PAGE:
The GRACE score is a model extensively studied in the prediction of major cardiovascular events in different ACS scenarios.1616. Fox KAA, FitzGerald G, Puymirat E, Huang W, Carruthers K, Simon T, et al. Should patients with acute coronary disease be stratified for management according to their risk? Derivation, external validation and outcomes using the updated GRACE risk score. BMJ Open. 2014;4(2):e004425.

17. Bawamia B, Mehran R, Qiu W, Kunadian V. Risk scores in acute coronary syndrome and percutaneous coronary intervention: A review. Am Heart J. 2013;165(4):441–50.
- 1818. D’Ascenzo F, Biondi-Zoccai G, Moretti C, Bollati M, Omedè P, Sciuto F, et al. TIMI, GRACE and alternative risk scores in Acute Coronary Syndromes: A meta-analysis of 40 derivation studies on 216,552 patients and of 42 validation studies on 31,625 patients. Contemp Clin Trials. 2012;33(3):507–14. Despite this, there is a paucity of data in the literature that assess the predictive accuracy of this score for non-fatal outcomes in isolation. Most studies are associated with combined event prediction (MACE). The clinical variables present in this model reflect the patient’s degree of vulnerability to the insult presented in an ACS and, despite predicting anatomical complexity, it does not have a good predictive accuracy, according to data previously demonstrated by our group.1919. Barbosa CE, Viana M, Brito M, Sabino M, Garcia G, Maraux M, et al. Acurácia dos escores GRACE e TIMI na predição da gravidade angiográfica da síndrome coronariana aguda. Arq Bras Cardiol. 2012;99(3):818-24.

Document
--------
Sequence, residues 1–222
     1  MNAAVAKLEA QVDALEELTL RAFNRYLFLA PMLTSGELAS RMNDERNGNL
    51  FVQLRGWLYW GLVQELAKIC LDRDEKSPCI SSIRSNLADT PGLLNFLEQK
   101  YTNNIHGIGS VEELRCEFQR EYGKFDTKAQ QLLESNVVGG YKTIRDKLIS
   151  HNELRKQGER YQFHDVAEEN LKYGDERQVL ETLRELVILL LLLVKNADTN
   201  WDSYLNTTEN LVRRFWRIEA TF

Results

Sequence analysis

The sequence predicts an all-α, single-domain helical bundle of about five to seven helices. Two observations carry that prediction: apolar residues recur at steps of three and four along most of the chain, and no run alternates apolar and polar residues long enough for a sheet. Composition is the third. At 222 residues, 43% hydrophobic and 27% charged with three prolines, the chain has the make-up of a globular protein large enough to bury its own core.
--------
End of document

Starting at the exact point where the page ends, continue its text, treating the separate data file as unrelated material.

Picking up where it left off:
20. Lacerda YF, Bagano GO, Correia VCA, Lopes FOA, Souza TMB, Fonseca LL, et al. Low accuracy of the grace score for anatomic stratification of patients with non-ST elevation acute coronary syndromes. In: European Society of Cardiology Congress, August 2018, Munich-Germany. Eur Heart J. 2018;39(Suppl):763-4.
- 2121. Avci BK, Ikitimur B, Tok OO, Cimci M, Erturk E, Omar TB, et al. The role of GRACE score in the prediction of high-risk coronary anatomy in patients with non-ST elevation acute coronary syndrome. Kardiol Pol. 2015;73(8):592-7. The current study has not been able to demonstrate an association between the GRACE score and the occurrence of new non-fatal ischemic events.